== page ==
Cadwallader Colden - Local Colonial Era Resident

by Gail Yeaple

Steel plate engraving and Biography from The Documentary History of the State of New-York; Arranged under Direction of the Hon. Christopher Morgan, Secretary of State. By E. B. O'Callaghan, M.D., Vol. III, Weed, Parsons & Co., Public Printers, 1850.

Reported in the Wallkill Valley Times,
Vol. 18, No. 2, January 12, 2000


Town action first step towards preservation by Christian Remsen

"The Colden Mansion is now an official landmark.

"On Thursday, the Montgomery Town Board Unanimously granted status to the eight-acre property under provisions of Local Law 1 of 1997.

"In essence, the board's decision enables the town's historic preservation commission to review any action which would alter the Route 17K/Stone Castle Road site.

"In other parts of [the] world, people wouldn't even hesitate if given a chance to preserve such a site," said Richard Phelps during the public hearing. The stonework to this day, is of remarkable quality.

"The local designation was significant in that it was the first site to receive it without achieving prior placement on the state and/or national registers.

"Although the public hearing was on the issue of designation, some residents used the forum to express fears or support of the towns possible acquisition of the site.

"With very minimal effort, I have seen other similar projects become significant tourist draws," said Mike Clark. ""Given the historic identity of the Colden family, I believe this will be the case here."

"Others disagreed.

""I can't understand why anybody would want to put so much money into that site?," said Fred Freer. We could spend our money on a lot more sensible things.

"Currently, there are about a dozen town designated sites. Indian Hill, which is located off River Road, was added to [the] list along with the Colden Mansion.

"With the designation decision, town board discussions regarding the mansion site are expected to subside. The following is a summary of events which may lead to the town's acquisition of the site later this year.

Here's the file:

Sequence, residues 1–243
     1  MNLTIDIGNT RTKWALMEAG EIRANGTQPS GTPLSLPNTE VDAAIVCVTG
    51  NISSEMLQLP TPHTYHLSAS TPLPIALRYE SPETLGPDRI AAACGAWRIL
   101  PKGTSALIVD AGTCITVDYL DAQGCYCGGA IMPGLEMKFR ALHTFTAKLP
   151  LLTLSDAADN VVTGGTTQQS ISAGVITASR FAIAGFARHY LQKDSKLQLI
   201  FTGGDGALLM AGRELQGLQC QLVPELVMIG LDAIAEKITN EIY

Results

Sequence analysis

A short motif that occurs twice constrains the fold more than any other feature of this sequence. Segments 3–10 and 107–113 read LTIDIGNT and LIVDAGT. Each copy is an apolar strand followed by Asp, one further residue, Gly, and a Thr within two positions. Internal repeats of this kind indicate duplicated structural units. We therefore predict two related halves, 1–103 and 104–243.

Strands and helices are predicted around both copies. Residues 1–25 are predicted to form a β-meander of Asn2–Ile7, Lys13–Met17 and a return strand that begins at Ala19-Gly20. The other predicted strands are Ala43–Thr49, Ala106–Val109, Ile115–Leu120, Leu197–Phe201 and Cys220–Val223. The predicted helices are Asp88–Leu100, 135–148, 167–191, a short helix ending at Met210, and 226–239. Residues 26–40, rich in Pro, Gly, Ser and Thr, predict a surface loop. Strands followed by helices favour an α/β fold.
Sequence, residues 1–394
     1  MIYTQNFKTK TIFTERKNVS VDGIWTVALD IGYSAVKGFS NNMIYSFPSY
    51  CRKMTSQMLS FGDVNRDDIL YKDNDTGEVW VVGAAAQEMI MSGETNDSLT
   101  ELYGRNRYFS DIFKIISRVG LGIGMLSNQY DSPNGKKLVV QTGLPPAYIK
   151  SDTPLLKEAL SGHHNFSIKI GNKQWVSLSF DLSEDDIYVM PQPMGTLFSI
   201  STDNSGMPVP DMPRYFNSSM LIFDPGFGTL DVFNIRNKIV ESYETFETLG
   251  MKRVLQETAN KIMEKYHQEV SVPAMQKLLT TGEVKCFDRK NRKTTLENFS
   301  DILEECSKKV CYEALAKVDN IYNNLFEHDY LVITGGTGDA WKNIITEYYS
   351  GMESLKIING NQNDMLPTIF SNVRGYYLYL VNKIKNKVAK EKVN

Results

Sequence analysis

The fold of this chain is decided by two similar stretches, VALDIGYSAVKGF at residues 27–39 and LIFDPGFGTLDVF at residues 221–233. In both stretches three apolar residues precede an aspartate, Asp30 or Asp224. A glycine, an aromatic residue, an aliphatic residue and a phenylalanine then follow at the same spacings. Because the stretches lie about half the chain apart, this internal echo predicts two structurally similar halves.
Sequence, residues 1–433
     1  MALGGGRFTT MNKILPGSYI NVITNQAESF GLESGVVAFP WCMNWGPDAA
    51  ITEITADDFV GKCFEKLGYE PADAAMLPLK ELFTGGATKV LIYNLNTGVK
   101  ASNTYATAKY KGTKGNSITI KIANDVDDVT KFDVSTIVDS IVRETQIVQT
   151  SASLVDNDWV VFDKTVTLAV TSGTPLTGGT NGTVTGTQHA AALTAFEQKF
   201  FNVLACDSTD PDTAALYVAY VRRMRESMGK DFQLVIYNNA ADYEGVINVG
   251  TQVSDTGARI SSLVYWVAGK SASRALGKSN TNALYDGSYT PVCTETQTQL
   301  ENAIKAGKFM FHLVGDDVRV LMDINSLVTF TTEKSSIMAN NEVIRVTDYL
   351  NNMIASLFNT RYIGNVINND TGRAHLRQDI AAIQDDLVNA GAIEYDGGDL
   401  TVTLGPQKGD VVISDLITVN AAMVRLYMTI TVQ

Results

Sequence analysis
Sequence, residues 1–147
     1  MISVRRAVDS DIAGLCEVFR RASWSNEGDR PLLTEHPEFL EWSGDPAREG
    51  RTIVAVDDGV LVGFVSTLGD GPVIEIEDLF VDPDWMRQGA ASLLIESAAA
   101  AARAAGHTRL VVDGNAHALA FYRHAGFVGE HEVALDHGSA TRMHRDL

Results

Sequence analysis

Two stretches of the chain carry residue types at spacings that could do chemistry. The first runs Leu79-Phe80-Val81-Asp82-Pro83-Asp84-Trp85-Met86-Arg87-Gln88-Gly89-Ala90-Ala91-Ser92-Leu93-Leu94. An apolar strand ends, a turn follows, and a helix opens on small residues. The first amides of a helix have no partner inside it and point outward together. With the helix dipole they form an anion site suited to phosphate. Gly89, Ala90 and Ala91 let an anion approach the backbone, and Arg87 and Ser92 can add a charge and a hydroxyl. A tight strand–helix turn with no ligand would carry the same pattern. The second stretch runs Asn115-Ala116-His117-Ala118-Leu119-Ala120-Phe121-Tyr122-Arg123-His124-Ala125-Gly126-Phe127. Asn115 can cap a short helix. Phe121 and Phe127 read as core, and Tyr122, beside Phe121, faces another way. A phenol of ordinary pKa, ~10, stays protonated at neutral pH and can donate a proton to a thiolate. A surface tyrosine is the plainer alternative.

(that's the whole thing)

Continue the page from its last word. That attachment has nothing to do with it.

• "1767-- The mansion is constructed for Cadwallader Colden Jr. and his wife, Elizabeth Ellison. Considered one of the area's finest Georgian homes, the two story stone structure rests upon the family's approximately 3,000-acre holding. It features two bedrooms, two parlors, a large central hall, and a basement kitchen.

  • "Mid to late 1800s--The Colden family no longer owns the site. However, the structure remains relatively

David Colden Letter, 1783
Letter posted with permission of the American Historical Association: "Letter of David Colden, Loyalist, 1783," American Historical Review, 1919; xxv (6): 79-86

"Big" Little Britain:
Cadwallader Colden and His Cana
Extract and article from ORANGE COUNTY POST

1965 Walden Citizen Herald News article - PDF

20th Century History of the Mansion

  • "1930's--Estate litigation results in the mansion's abandonment. Soon thereafter, the Metropolitan Museum of Art acquires and removes the paneling of the west parlor to create a furnished 18th century room setting in its American Wing. Other various components, meanwhile, are either secured by local agencies or plundered by private citizens

  • "November 23, 1999--Local officials announce the state's intent to acquire the site, which is draped in dense vegetation and household trash, and transfer it to the town. The move is prompted by the state's proposed construction of an I-84 interchange. State officials worry that development triggered by a new interchange, would threaten the site.

  • "December 20, 1999-High-level representatives of the state Office of Parks, Recreation and Historic Preservation publicly detail plans for the proposed acquisition. They say the total cost for acquiring the site would be incurred by the state Department of Transportation. However, once conveyed, OPRHP officials noted that the town would have to preserve the site as a "scenic and historic resource" via a stabilization effort. Such an undertaking would be eligible for grant opportunities, they stressed, with the DOT's expenses used as the town's matching funds.